The term phlebectomy refers to removal of veins. The old phlebectomies performed in the operating room under general anesthesia usually were performed with incisions one to several cm long under general anesthesia. The relatively crude techniques of removing the veins through the large incisions and the need to suture the incisions closed resulted in
significant bleeding into the tissues which was associated with considerable post-op pain. Wound healing sometimes was a significant problem as well.
Microphlebectomy refers to phlebectomy through incisions which usually are 2 to 3 mm long. The varicose veins are removed through the small incisions with small steel hooks which are passed through the incisions. Blood loss usually is much less than a teaspoonful and there usually is little bleeding into the tissues. No sutures are needed for th small incisions. Post-operartive pain for most patients is very minimal. Most patients need
only drugs such as ibuprofen or Aleve after the procedures.
Many patients receive a mild oral painkiller or sedative prior to the procedure to reduce the discomfort from injecting the local anesthetic for the procedure. The large volume of very dilute anesthetic agent is injected into the fatty tissue around the varicose veins. The drug compresses the veins and a drug in the anesthetic also constricts the veins thus allowing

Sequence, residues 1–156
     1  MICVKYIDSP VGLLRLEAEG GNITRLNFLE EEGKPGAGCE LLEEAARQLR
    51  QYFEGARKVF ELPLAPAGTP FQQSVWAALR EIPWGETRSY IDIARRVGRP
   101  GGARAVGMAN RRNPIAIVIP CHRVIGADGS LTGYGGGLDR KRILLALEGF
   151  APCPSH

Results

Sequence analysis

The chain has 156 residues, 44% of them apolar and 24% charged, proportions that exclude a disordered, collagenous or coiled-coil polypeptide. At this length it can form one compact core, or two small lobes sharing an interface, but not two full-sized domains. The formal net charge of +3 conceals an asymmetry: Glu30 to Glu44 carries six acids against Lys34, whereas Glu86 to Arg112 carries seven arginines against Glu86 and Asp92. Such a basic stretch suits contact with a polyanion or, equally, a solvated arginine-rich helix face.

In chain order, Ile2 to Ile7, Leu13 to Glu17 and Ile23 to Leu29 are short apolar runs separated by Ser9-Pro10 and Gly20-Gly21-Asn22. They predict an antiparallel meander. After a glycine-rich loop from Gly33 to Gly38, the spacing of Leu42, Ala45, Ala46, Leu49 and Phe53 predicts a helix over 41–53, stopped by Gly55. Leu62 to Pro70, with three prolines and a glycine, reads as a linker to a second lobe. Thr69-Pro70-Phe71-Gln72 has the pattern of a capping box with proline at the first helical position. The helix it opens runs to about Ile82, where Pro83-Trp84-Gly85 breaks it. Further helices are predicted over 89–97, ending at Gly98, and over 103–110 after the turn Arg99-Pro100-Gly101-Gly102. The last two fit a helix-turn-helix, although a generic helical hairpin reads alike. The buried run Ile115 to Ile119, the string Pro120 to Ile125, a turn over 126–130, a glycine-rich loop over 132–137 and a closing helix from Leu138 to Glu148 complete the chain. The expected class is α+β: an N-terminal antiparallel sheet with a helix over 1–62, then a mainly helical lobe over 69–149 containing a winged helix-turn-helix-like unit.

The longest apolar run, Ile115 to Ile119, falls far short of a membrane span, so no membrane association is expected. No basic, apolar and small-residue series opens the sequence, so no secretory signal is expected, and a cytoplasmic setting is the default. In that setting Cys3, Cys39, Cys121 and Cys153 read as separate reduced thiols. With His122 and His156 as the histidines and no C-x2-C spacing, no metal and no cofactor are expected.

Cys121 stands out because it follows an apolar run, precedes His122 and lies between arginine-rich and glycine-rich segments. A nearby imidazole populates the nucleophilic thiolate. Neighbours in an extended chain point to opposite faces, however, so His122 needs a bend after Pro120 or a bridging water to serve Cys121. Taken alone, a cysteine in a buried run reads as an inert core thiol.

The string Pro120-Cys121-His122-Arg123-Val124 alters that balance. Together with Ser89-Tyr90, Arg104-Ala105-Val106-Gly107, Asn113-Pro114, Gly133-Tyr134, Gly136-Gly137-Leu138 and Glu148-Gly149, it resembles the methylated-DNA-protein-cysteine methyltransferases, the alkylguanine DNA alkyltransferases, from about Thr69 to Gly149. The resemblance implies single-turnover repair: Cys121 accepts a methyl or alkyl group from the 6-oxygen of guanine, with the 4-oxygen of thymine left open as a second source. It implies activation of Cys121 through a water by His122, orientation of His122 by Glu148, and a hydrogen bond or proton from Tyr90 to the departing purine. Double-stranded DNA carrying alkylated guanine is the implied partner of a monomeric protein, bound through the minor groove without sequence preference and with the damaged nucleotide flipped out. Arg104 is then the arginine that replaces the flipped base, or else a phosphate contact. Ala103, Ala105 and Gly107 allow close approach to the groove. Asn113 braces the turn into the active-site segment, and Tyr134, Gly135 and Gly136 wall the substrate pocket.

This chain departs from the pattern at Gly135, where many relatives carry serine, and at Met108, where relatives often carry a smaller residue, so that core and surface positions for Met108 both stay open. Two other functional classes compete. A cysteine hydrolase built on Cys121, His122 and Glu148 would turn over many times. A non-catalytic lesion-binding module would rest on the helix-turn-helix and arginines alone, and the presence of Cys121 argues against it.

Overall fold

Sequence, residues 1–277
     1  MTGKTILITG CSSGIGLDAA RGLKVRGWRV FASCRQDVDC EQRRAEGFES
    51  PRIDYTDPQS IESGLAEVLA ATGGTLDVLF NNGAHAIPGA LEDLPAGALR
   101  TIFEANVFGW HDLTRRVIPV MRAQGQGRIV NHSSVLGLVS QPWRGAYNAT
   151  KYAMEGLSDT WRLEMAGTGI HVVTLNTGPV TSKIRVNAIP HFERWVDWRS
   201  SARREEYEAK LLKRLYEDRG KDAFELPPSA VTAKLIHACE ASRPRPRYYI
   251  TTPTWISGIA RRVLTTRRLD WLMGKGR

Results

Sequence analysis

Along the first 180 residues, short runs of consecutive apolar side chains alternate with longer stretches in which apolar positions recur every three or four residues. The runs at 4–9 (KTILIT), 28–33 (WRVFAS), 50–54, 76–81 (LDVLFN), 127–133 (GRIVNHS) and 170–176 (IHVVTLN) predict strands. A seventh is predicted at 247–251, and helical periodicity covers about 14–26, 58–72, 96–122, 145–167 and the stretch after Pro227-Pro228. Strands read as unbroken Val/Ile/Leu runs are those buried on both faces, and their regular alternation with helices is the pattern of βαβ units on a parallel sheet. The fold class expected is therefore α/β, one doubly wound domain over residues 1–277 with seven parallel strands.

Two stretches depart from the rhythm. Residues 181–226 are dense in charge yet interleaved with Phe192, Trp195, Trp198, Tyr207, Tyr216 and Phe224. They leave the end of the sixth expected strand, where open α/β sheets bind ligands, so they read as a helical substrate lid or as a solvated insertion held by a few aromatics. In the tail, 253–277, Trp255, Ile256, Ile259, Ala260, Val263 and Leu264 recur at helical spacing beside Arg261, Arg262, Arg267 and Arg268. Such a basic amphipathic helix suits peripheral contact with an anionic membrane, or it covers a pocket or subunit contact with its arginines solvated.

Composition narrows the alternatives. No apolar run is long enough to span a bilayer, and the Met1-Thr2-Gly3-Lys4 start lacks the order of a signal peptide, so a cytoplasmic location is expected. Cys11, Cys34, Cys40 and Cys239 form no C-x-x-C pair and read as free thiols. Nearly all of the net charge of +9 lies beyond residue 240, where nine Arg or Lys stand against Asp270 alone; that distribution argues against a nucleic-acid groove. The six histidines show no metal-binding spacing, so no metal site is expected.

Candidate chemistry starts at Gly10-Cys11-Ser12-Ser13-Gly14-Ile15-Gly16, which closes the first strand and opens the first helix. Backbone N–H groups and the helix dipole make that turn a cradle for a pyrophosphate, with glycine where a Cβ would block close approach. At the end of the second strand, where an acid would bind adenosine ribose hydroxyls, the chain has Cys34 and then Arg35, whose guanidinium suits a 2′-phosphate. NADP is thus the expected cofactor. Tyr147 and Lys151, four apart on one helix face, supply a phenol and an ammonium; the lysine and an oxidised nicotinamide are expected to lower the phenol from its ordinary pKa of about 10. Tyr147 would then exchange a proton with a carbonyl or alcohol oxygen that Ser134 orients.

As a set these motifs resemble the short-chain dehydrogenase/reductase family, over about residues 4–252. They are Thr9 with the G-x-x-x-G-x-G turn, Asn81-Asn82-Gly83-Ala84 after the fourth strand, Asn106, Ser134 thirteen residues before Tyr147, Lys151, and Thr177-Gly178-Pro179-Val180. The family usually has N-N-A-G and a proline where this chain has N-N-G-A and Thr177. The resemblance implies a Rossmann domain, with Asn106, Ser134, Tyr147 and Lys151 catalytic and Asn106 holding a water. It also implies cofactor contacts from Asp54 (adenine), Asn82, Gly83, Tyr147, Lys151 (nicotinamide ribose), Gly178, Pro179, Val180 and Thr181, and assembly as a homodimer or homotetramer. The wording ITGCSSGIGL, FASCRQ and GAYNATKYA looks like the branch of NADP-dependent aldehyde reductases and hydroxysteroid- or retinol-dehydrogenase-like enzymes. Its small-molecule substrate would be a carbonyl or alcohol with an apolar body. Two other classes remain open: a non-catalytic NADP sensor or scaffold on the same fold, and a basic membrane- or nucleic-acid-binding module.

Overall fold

removal of very large veins through tiny incisions with minimal blood loss.
Microphlebectomy is utilized for tortuous varicose veins near the surface of the skin which are judged by the treating physician to be too large for sclerotherapy.
Microphelbectomy removes the vein permanently which some patients prefer over sclerotherapy which leaves behind a vein which may reopen over time. it does leave benind very tiny scars which usually are not very noticeable by six months after the procedure. Since it is done in the office setting with local anesthesia, it is far more cost effective and safer th